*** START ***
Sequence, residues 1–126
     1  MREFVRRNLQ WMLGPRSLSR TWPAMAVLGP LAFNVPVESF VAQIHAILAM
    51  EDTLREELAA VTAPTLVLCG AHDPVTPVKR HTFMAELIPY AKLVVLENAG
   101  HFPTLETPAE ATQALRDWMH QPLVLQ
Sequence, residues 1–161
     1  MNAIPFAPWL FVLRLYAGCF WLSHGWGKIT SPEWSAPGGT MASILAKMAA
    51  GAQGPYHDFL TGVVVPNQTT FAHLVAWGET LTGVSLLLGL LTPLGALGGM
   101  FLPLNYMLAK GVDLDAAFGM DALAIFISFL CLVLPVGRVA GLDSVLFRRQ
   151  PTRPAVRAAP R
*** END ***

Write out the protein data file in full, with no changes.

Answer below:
Sequence, residues 1–126
     1  MREFVRRNLQ WMLGPRSLSR TWPAMAVLGP LAFNVPVESF VAQIHAILAM
    51  EDTLREELAA VTAPTLVLCG AHDPVTPVKR HTFMAELIPY AKLVVLENAG
   101  HFPTLETPAE ATQALRDWMH QPLVLQ
Sequence, residues 1–161
     1  MNAIPFAPWL FVLRLYAGCF WLSHGWGKIT SPEWSAPGGT MASILAKMAA
    51  GAQGPYHDFL TGVVVPNQTT FAHLVAWGET LTGVSLLLGL LTPLGALGGM
   101  FLPLNYMLAK GVDLDAAFGM DALAIFISFL CLVLPVGRVA GLDSVLFRRQ
   151  PTRPAVRAAP R